22C:116, Policies and Grading, Fall 2001

Douglas W. Jones
University of Iowa Department of Computer Science

All exams will be comprehensive, covering all material up to the date of the exam, with an emphasis on recent material (but not so recent that it hasn't had time to sink in). Students with serious conflicts, such as illness or religious holidays may make alternate arrangements (in advance, if at all possible).

Final grades will be based on homework and exam scores, as follows:

50% -- Homework, 10 to 12 assignments, 5% each;
only the 10 highest scores will count towards the final grade.
20% -- Exam I. The midterm (see lecture schedule).
30% -- Exam II. The final (see lecture schedule).
Homework will be due at the start of class on Friday every week. Homework must be turned in on paper, electronic submission is not acceptable for a number of reasons. Your name must be legible at the top of each page (in case multiple pages get separated). Signatures are wonderful for legal documents, but if we can't identify your signature you will receive no credit on the work! Assignments (and answers to exercises, when time permits) will be made available on World Wide Web under the following URL, accessible from the departmental list of courses.

It is necessary to repeat certain annoying policies here: Students caught cheating for the first time may be given a penalty up to an automatic F in the course. Such an F cannot be removed from the transcript. Penalties up to expulsion may apply to second offences.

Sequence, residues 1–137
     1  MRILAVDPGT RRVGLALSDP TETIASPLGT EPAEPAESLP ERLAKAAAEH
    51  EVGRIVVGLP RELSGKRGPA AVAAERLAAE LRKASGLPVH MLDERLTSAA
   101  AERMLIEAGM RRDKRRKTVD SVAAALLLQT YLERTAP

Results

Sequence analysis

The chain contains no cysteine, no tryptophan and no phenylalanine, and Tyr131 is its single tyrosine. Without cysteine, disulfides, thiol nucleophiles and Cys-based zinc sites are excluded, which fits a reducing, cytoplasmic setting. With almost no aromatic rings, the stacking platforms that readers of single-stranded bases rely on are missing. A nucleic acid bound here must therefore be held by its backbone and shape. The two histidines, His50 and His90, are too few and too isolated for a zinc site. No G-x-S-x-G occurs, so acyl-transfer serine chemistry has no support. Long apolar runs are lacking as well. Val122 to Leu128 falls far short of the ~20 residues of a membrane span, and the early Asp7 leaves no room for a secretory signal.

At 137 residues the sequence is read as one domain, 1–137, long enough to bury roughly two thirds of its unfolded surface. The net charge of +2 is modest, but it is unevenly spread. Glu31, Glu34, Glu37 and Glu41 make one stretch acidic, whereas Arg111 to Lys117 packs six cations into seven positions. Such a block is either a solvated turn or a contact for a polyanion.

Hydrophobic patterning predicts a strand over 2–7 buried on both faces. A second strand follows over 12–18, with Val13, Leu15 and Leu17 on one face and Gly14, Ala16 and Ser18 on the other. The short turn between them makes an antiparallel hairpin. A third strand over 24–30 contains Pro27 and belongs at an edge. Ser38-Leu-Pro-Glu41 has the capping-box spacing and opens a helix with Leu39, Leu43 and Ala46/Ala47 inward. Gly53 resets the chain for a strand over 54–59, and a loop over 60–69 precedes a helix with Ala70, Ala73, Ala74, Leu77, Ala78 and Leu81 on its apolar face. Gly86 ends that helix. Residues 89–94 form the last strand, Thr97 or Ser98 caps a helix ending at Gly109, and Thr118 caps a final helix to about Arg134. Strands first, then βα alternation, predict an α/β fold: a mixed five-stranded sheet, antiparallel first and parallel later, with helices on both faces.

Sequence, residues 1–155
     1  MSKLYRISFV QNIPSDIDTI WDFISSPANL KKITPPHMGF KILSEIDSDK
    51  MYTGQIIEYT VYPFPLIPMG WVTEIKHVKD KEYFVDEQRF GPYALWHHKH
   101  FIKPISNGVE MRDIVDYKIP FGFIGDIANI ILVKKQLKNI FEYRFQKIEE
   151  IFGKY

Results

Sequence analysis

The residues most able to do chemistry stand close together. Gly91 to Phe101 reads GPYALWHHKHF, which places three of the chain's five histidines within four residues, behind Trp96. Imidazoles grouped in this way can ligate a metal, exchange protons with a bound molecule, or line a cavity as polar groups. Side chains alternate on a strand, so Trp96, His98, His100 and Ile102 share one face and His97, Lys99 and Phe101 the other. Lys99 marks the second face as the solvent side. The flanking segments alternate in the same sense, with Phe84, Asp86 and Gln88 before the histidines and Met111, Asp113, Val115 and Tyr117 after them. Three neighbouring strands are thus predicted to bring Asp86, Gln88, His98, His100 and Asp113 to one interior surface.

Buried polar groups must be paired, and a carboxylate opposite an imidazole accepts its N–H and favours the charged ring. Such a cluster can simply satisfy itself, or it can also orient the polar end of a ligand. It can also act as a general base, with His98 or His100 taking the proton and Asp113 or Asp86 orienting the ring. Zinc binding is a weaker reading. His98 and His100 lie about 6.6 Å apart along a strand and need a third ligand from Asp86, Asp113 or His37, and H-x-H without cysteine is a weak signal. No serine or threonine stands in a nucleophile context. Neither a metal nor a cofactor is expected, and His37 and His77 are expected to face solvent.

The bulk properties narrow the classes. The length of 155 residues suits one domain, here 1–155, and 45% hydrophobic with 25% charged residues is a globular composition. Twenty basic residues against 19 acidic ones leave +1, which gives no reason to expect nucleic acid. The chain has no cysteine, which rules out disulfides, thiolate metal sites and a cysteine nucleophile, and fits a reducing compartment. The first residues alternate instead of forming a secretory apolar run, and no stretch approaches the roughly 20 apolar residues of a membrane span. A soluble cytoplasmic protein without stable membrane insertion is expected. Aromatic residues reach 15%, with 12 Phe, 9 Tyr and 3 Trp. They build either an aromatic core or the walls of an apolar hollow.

You are encouraged to discuss homework problems with others in the class; this is usually a good learning tool. On the other hand, do not share or discuss your solutions prior to turning them in!

Temporary grades of I (Incomplete) will be granted only on the basis of negociation prior to the final exam. Please, if extended illness or other matters beyond your control interfere with your ability to satisfactorily complete the course, see the instructor as soon as possible!

If you have any disagreement or communications problem with the teaching assistant, take it to the professor in charge. If you have any problem with your professor, contact the department chair; due process continues to the dean (of either the Graduate or Liberal Arts college, depending on your student status) and then up through the university administration to the Board of Regents.

If, for any reason, you need special accomodations for an exam or other assignment, please contact me, either after class, during office hours or by E-mail.